Diamond Jubilee awards to pro-lifers garner protests
The awarding of the Diamond Jubilee medal to Mary Wagner and Linda Gibbons, two pro-lifers jailed for counselling within the “bubble zones” of abortion facilities, has caused public controversy. In a statement, Conservative MP Maurice Vellacott, who nominated Wagner and Gibbons for the medals, said that they “are trying to protect defenceless, voiceless human beings in the womb from butchery and death, and trying to let vulnerable women know that there are other options.” He also stated, “It’s a pretty upside down world when we honour abortionists like Henry Morgentaler for killing over 5,000 babies and imprison precious women, like Mary Wagner and Linda Gibbons, who try to save babies from such savagery. They are the real heroes of humanity.”
Leslie MacKinnon from CBC News introduced the women in an online article as “two convicted criminals.” The reporter from the state broadcaster stated: “Justice Minister Rob Nicholson, at a press conference promoting tougher youth criminal justice laws, seemed genuinely stunned by a question about why criminals would be awarded commemorative medals.” Johanne Brownrigg of Campaign Life Coalition told CBC News about the “quiet, prayerful nature” of the women, which MacKinnon immediately follows up with an account of two cases of violence against abortionists or abortuaries in the early 1990s, of which Gibbons and Wagner are not linked.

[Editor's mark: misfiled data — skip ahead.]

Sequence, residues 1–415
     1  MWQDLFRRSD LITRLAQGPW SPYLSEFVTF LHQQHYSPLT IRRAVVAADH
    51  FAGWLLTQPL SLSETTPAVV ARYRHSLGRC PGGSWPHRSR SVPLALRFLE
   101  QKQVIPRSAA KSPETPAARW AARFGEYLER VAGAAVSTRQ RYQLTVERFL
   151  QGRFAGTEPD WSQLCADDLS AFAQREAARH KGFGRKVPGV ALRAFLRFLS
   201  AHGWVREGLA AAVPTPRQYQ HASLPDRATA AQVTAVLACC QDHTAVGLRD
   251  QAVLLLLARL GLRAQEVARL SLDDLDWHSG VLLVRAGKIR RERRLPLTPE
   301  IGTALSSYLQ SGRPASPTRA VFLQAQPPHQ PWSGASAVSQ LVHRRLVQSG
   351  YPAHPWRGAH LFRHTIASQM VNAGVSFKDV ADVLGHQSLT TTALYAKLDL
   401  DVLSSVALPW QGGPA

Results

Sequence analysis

Interim Liberal leader Bob Rae told CBC News, “I don’t think it’s appropriate to be politicizing the Diamond Jubilee medals in this way … We’ve had whole battles about awarding the Order of Canada to people who have had difficulties with the law.” The CBC report does not mention that Order of Canada recipient Morgentaler carried out illegal abortions and spent time in jail. Nor did it mention that Rae’s NDP government obtained the temporary injunctions creating the bubble zone restricting the free speech rights of pro-life activists, which has been used to arrest activists such as Gibbons.
Glen McGregor of the Ottawa Citizen attacked the selection process for the medals – one was even given by NDP MP Paul Dewar to Richard Warman, known for filing multiple ‘hate speech’ complaints for the Canadian Human Rights Commission. In an editorial, the Citizen called the medal “a secretive, ad hoc and politicized national embarrassment” that “shouldn’t be handed out to people MPs … happen to like.”
A Globe and Mail editorial declared, “Conscience that interferes in the right to choose can become zealotry, or even a dangerous fundamentalism” and compares Wagner’s actions to a fictional case of a man blocking the doors of a classroom because he disagrees with what is taught by the school.
“This message may strike you as offensive … but it is certainly not criminal,” Andrea Mrozek of the Institute of Marriage and Family Canada wrote in a guest column for the Citizen. “Karla Homolka, Canada’s notorious and violent sexual offender, didn’t spend much more time behind bars than Linda Gibbons has.” Mrozek, who also writes for the blog ProWomanProLife, said, “Ironically, in some cases, the road to justice requires jail time.”